Barrett’s Oesophagus

What is Barrett’s Oesophagus?

Barrett’s Oesophagus refers to a condition that is caused by reflux of acid from the stomach into the oesophagus (GORD). The acid can injure the lining of the oesophagus causing ulceration. As the tissue tries to heal, the cells undergo a change (metaplasia). Instead of looking like normal oesophagus lining, they resemble the lining of the small bowel or stomach.

Diagnosis of Barrett’s Oesophagus

The normal lining of the oesophagus is “white” when viewed with a gastroscope. The lining of the stomach / small bowel is red. Where the oesophagus and stomach meet, a distinct line of “white meets red” is seen – the “Z” line. When Barrett’s change occurs, there is an extension of “red” tissue upward along the oesophagus and the Z line becomes irregular. Biopsies reveal cells that look more like small bowel than oesophagus. This confirms a diagnosis of Barrett’s.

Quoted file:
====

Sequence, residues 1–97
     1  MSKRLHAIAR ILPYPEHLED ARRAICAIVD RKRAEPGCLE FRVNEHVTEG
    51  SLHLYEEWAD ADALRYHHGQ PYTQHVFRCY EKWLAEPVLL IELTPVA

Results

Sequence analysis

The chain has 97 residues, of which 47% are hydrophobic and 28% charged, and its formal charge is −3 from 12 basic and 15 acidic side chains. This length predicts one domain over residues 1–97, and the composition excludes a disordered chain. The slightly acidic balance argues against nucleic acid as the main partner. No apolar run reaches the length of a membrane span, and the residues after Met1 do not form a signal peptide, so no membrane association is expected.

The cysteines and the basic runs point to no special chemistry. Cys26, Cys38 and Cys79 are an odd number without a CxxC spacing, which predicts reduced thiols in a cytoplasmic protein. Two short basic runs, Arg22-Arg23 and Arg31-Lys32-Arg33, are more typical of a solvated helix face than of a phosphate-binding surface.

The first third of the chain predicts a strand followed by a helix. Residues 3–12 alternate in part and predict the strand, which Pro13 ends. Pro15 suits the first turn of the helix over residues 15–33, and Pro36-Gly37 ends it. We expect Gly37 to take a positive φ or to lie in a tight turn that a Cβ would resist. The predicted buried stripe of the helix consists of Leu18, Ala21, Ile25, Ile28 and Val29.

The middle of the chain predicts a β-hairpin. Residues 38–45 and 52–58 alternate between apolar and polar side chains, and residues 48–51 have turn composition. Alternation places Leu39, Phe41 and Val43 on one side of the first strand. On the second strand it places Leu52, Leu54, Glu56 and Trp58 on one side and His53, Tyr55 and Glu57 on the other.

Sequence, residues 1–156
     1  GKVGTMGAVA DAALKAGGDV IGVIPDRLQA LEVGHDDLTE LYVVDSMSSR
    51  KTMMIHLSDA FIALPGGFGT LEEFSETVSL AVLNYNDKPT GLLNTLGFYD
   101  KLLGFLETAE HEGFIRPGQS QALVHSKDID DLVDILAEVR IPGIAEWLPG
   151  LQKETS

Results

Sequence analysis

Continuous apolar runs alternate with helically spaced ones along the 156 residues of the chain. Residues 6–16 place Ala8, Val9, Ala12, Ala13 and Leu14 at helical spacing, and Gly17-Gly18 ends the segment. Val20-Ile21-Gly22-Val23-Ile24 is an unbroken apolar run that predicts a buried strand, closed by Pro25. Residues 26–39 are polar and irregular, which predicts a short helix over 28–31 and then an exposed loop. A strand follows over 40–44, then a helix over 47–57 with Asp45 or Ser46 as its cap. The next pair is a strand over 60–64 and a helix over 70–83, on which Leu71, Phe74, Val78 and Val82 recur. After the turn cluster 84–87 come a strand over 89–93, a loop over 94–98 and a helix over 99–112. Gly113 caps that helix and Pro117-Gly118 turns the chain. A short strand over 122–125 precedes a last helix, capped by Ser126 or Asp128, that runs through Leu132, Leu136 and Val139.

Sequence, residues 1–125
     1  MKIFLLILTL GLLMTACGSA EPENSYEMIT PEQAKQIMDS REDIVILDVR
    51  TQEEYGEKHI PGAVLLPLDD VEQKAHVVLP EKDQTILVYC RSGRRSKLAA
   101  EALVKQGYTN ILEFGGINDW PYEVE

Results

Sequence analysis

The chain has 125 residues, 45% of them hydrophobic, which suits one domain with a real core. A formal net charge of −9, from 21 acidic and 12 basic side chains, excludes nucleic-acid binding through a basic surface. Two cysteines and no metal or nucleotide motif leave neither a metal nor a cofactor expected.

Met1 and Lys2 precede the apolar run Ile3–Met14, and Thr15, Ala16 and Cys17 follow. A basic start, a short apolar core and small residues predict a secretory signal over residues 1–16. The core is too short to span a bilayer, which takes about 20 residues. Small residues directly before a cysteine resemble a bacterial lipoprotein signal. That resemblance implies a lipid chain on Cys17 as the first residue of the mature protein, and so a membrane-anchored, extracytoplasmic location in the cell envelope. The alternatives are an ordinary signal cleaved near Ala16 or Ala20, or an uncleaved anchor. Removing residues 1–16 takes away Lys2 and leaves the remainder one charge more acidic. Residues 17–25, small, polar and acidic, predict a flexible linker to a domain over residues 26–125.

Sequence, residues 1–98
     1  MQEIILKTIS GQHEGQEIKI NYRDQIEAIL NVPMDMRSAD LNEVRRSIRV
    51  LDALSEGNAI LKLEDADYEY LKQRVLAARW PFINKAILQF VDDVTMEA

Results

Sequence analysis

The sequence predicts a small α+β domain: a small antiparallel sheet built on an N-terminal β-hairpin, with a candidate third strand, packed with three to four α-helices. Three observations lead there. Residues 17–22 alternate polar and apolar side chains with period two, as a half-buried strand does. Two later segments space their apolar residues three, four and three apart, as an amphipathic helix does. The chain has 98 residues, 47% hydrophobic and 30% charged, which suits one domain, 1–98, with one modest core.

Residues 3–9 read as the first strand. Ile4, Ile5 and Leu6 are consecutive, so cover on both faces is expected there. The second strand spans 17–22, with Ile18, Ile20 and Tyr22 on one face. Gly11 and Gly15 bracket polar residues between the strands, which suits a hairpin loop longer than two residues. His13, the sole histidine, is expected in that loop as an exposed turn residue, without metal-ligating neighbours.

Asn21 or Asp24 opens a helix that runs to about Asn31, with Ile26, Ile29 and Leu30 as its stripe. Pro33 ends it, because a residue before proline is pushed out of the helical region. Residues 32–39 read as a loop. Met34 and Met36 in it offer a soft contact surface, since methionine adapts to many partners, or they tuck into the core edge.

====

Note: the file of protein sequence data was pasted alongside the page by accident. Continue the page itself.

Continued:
Health Risks of Barrett’s Oesophagus

Barrett’s oesophagus itself is not an indication of cancer, but carries a slightly higher risk. For most patients, this will not be an issue. However, a minority of these can progress; though the progression may take years. As ongoing damage occurs, the specialized cells of Barrett’s can transform to odd-looking cells known as “dysplasia”. When it reaches a certain stage of dysplasia (eg. high grade dysplasia), the likelihood of finding cancer or a “hidden” cancer is particularly high. If you are concerned about Barrett’s Oesophagus or have symptoms that you think may be related to Barrett’s Oesophagus, we would be happy to help.

upper-gi-surgery-Barrett's Oesophagus



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